TSAR, a TimeSeries AggregatoR

Twitter is a global real-time communications platform that processes many billions of events every day. Aggregating these events in real time presents a massive challenge of scale. Classic time-series applications include site traffic, service health, and user engagement monitoring; these are increasingly complemented by a range of analytics products and features such as Tweet activity, Followers, and Twitter Cards that surface aggregated time-series data directly to end users, publishers, and advertisers. Services that power such features need to be resilient enough to ensure a consistent user experience, flexible enough to accommodate a rapidly changing product roadmap, and able to scale to keep up with Twitter’s ever growing user base.

Our experience demonstrates that truly robust real-time aggregation services are hard to build; that scaling and evolving them gracefully is even harder; and moreover, that many time-series applications call for essentially the same architecture, with only slight variations in the data model. Solving this broad class of problems at Twitter has been a multi-year effort. A previous post introduced Summingbird, a high-level abstraction library for generalized distributed computation, which provides an elegant descriptive framework for complex aggregation problems.

In this post, we’ll describe how we built a flexible, reusable, end-to-end service architecture on top of Summingbird, called TSAR (the TimeSeries AggregatoR). We’ll explore the motivations and design choices behind TSAR and illustrate how it solves a particular time-series problem: counting Tweet impressions.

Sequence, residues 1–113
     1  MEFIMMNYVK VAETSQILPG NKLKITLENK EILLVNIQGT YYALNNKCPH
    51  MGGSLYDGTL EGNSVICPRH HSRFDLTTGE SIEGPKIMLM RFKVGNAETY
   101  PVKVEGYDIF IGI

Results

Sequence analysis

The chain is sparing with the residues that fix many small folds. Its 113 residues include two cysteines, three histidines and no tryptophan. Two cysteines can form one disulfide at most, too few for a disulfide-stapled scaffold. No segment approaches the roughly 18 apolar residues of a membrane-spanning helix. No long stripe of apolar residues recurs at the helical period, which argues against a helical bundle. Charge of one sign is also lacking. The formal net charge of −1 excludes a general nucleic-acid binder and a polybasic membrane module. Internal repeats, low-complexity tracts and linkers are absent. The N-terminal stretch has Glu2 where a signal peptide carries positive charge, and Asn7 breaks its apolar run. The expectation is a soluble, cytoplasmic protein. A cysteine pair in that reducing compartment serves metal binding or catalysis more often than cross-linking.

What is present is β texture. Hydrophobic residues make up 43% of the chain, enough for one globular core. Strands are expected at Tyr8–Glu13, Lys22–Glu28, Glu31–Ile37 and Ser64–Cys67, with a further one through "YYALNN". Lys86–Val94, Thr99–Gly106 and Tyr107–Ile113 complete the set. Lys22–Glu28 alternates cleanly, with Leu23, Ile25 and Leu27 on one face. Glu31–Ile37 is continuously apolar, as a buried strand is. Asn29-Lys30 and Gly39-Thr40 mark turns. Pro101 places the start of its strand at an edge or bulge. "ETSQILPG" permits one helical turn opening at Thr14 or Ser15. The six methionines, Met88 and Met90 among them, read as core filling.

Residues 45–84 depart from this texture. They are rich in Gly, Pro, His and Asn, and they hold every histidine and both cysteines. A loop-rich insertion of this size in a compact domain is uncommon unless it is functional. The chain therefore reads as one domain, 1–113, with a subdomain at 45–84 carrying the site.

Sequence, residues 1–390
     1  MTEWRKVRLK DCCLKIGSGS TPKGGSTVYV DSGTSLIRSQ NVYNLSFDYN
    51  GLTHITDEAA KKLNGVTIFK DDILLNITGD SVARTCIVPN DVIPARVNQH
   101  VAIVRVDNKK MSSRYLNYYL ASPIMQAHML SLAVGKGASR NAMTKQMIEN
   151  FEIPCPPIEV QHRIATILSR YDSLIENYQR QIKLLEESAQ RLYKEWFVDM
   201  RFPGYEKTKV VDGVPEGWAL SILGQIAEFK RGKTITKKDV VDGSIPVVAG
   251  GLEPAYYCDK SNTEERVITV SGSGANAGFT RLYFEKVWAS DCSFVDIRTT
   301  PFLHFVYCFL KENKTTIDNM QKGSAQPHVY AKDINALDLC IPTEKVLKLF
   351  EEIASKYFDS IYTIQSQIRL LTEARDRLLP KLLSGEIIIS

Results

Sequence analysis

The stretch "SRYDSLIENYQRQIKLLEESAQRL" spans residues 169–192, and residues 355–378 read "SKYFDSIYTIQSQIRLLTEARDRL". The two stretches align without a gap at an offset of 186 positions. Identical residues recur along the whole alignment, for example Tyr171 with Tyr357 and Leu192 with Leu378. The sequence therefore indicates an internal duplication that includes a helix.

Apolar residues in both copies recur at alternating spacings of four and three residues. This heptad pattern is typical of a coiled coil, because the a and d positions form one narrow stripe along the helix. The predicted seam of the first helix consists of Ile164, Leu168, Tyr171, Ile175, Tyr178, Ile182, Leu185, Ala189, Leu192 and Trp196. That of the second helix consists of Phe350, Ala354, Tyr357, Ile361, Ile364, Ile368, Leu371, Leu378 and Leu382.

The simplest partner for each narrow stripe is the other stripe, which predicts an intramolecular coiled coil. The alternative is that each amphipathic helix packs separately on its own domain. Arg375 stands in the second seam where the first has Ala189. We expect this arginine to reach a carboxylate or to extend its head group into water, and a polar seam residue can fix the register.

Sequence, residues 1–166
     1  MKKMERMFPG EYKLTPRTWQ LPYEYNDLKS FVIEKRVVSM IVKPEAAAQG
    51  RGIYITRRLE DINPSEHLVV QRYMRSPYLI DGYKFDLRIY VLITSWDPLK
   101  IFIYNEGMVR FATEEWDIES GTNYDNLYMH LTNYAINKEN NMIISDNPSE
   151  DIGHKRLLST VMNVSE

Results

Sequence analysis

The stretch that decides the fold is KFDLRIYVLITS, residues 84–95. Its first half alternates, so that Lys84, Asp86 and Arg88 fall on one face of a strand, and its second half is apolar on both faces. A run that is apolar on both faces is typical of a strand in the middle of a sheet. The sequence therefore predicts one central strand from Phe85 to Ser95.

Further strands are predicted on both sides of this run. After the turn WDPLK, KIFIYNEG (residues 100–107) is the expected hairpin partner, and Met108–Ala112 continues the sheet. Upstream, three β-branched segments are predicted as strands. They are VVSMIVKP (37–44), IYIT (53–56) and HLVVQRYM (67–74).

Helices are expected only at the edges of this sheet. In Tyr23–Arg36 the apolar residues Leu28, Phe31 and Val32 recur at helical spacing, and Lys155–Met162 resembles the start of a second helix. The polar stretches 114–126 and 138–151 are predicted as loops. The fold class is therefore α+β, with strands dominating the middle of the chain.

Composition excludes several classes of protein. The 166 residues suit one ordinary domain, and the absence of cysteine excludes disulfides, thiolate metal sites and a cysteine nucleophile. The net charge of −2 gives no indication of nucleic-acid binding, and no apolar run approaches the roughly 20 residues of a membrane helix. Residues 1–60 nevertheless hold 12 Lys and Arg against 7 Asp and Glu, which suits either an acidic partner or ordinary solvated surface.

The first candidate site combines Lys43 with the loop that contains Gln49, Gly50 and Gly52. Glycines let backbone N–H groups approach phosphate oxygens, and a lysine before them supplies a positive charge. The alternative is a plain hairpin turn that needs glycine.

The Tweet impressions problem in TSAR

Let’s suppose we want to annotate every Tweet with an impression count - that is, a count representing the total number of views of that Tweet, updated in real time. This innocent little feature conceals a massive problem of scale. Although “just” 500 million Tweets are created each day, these Tweets are then viewed tens of billions of times. Counting so many events in real time is already a nontrivial problem, but to harden our service into one that’s fit for production we need to answer questions like:

  • What happens if the service is interrupted? Can we retrieve lost data?
  • How do we coordinate our data schema and keep all of its representations consistent? In this example, we want to store Tweet impressions in several different ways: as log data (for use by downstream analytics pipelines); in a key/value data store (for low latency and high availability persistent data); in a cache (for quick access); and, in certain cases, in a relational database (for internal research and data-quality monitoring).
  • How can we ensure the schema of our data is flexible to change and can gracefully propagate to each of its representations without disrupting the running service? For example, the product team might want to count promoted impressions (paid for by an advertiser) and earned impressions (impressions of a retweet of a promoted Tweet) separately. Or perhaps we want to segment impressions by country, or restrict to impressions just in the user’s home country… Such requirements tend to drift in unforeseeable ways, even after the service is first deployed.
  • How do we update or repair historical data in a way that is relatively painless? In this case, we need to backfill a portion of the time-series history.

Most important:

  • How do we avoid having to solve all of these problems again the next time we are faced with a similar application?